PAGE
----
The migratory capacity of the radioresistant NPC cells was then investigated by wound healing assay. As indicated in Fig. 2, the migration of NPC cells was observed and photographed at 0 and 48 h, respectively. Our data demonstrated that the migration rate was obviously increased in the radioresistant NPC cells compared to the parental NPC cells (CNE-2-Rs cells: 58.04±7.22% vs. CNE-2 cells: 38.23±6.15%, p<0.05; 6-10B-Rs cells: 87.09±10.72% vs. 6-10B cells 44.71±3.98%, p<0.05). These results indicate that irradiation can promote the migration of NPC cells in vitro.
The invasive capacity of the radioresistant NPC cells was also examined by Transwell assay. As indicated in Fig. 3A, the numbers of invading CNE-2 and CNE-2-Rs cells on the bottom sides of the Matrigel-coated membrane after 48 h were 26.3±7.5 and 84.7±4.8 (p<0.01), respectively. Similarly, the numbers of invading 6-10B and 6-10B-Rs cells after 24 h were 33.3±1.5 and 67.7±8.5 (p<0.01), respectively (Fig. 3B). Taken together, the above results suggest that irradiation can enhance the metastatic phenotype including migration and invasion in the NPC cells.
Our above results revealed that irradiation induces chemoresistance to paclitaxel and cisplatin, and promotes migration and invasion of NPC cells in vitro. However, the underlying mechanisms that promote radioresistance, chemoresistance and metastasis in NPC remain to be clarified. In the phase of establishing radioresistant NPC cells, we observed significant morphological changes in the radioresistant NPC cells. Under phase-contrast microscopy, radioresistant CNE-2-Rs and 6-10B-Rs cells were found to become elongated with pseudopodia formation, a decrease in cell-to-cell contact, similar to the shape of fibroblasts (Fig. 4A). These morphological changes were consistent with canonical EMT formation, which has been reported to tightly correlate with radioresistance, chemoresistance and metastasis (15). Therefore, the molecules associated with EMT were further examined. Our data clearly indicated that CNE-2-Rs and 6-10B-Rs cells displayed higher expression of mesenchymal marker vimentin and lower expression of epithelial protein E-cadherin (Fig. 4B). These findings were further validated in clinical NPC samples that experienced irradiation. Three residual NPC specimens post-radiotherapy were obtained. Western blot analysis detected decreased expression of E-cadherin and elevated expression of vimentin in the NPC residues, compared with the NPC samples before radiotherapy (Fig. 4C). These results suggest that irradiation promotes the emergence of EMT, which may be involved in the observed chemoresistance and metastasis in NPC.
CSCs persist in tumors as a distinct population and cause cancer progression and relapse by giving rise to new tumors (16). CSCs are involved in diverse cancer malignant behaviors including metastasis, radioresistance and chemoresistance (16). Therefore, we hypothesized that irradiation may also increase the number of CSCs and promote chemoresistance and metastasis. To test this hypothesis, qRT-PCR assays were used to evaluate molecular markers associated with CSCs. Our results showed that Lgr5 and c-myc had consistent changes (fold-change >2) in the CNE-2-Rs and 6-10B-Rs cells, when compared with the parental cells (Fig. 5A). Then, Lgr5+ proportions of the cells were detected by immunofluorescent staining and flow cytometry. The Lgr5+ proportion was 4.22±0.73% and 0.95±0.12% (p<0.05) in the CNE-2-Rs and CNE-2 cells, respectively, and the Lgr5+ proportion was 3.16±0.27% and 1.05±0.09% (p<0.05) in the 6-10B-Rs and 6-10B cells, respectively (Fig. 5B). The data suggest that irradiation may induce chemoresistance and metastasis via increasing CSCs, which is indicated by increased expression of specific CSC markers.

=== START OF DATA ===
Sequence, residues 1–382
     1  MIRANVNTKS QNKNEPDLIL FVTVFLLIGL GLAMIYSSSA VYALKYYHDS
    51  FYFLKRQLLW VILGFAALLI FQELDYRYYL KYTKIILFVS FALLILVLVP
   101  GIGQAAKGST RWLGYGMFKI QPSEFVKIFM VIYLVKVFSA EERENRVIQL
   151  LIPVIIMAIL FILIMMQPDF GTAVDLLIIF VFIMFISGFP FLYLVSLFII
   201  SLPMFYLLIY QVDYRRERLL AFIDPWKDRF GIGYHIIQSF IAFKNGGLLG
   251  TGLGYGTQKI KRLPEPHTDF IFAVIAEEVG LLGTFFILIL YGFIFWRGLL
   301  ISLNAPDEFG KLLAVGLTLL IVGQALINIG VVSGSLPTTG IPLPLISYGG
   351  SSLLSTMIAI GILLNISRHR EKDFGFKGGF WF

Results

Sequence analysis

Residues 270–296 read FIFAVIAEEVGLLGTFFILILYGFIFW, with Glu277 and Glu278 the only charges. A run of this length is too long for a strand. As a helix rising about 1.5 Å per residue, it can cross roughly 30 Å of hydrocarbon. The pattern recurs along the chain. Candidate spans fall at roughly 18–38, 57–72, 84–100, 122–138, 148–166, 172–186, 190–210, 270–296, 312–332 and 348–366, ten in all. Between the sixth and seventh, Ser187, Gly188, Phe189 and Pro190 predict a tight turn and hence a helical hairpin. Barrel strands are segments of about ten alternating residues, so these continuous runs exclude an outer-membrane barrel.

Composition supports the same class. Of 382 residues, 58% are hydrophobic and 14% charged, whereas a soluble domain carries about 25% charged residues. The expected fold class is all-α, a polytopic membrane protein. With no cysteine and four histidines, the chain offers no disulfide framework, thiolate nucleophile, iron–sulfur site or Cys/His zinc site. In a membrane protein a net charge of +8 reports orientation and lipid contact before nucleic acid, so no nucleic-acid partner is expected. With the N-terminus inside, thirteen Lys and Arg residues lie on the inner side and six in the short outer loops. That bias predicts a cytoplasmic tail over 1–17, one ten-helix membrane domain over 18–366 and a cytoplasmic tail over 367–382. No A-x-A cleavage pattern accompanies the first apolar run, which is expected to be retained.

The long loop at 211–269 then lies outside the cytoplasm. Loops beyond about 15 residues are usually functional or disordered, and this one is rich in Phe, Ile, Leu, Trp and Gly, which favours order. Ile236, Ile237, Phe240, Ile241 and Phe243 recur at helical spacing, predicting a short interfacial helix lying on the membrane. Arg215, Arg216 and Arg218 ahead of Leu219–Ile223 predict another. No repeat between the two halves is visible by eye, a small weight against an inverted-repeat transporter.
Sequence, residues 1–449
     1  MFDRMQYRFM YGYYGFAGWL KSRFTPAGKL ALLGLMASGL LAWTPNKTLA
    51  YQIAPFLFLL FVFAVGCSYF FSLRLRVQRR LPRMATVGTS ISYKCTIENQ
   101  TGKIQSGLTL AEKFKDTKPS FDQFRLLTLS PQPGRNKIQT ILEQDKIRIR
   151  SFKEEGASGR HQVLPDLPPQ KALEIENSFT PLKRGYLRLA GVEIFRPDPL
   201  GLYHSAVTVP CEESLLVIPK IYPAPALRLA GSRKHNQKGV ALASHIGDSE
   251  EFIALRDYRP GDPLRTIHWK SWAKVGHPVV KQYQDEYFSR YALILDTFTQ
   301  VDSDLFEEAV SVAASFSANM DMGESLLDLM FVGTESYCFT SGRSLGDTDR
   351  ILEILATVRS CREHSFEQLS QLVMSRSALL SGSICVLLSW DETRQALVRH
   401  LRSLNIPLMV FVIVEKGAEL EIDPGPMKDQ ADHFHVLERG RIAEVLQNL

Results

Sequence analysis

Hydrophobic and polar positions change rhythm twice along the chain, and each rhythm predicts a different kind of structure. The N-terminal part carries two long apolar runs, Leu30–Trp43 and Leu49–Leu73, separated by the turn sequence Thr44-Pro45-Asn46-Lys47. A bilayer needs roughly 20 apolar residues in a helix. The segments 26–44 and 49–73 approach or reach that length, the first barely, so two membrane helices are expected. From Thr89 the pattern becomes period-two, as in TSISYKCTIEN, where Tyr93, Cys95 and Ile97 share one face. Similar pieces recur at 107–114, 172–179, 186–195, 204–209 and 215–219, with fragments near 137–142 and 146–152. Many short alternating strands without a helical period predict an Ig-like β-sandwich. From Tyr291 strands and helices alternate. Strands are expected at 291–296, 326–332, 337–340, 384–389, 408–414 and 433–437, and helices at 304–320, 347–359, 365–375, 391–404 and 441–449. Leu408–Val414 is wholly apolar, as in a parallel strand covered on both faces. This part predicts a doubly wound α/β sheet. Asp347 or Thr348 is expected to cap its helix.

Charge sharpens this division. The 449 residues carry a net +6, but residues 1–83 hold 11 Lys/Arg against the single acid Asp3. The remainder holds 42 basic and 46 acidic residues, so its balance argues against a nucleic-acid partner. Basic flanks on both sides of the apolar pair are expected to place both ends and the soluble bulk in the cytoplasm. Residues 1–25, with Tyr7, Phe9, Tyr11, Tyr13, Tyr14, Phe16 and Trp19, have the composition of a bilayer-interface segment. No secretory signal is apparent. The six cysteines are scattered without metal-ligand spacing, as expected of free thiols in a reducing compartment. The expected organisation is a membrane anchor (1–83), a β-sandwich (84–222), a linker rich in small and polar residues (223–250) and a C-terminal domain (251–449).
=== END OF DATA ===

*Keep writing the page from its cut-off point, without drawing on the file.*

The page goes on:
Clinically, the difficulty in obtaining specimens is still an obstacle for the study of NPC post-irradiation residue and recurrence. In order to better understand the underlying mechanism, the establishment of post-irradiation residual NPC cells is the main choice for many laboratories and research teams. Three methods have been widely accepted to obtain post-irradiation NPC cell lines, including low-dose repeated irradiation (17), sublethal dose irradiation (18) and gradient increasing irradiation (6). Compared with the first two patterns, accumulating doses in a gradient irradiation pattern of up to 60–70 Gy most closely resembles the clinical doses for NPC patients. Therefore, our group chose a gradient increasing irradiation pattern and successfully established two post-irradiation residual NPC cell lines (5,6).
In some cases, post-irradiation residual cells were found to be also accompanied with advanced radioresistance, and were considered to be radioresistant cells (6,17). Similarly, two residual NPC cell lines screened in our previous research were named radioresistant CNE-2-Rs and 6-10B-Rs cells, respectively (6). Previous research has only focused on the mechanism of radioresistance rather than other malignant behaviors. Our results showed chemoresistance as well as aggressive motility and invasion capability in residual NPC cells. These findings, to some extent, may be the answer for treatment failure and the poorer prognosis of NPC patients with post-irradiation residue and recurrence.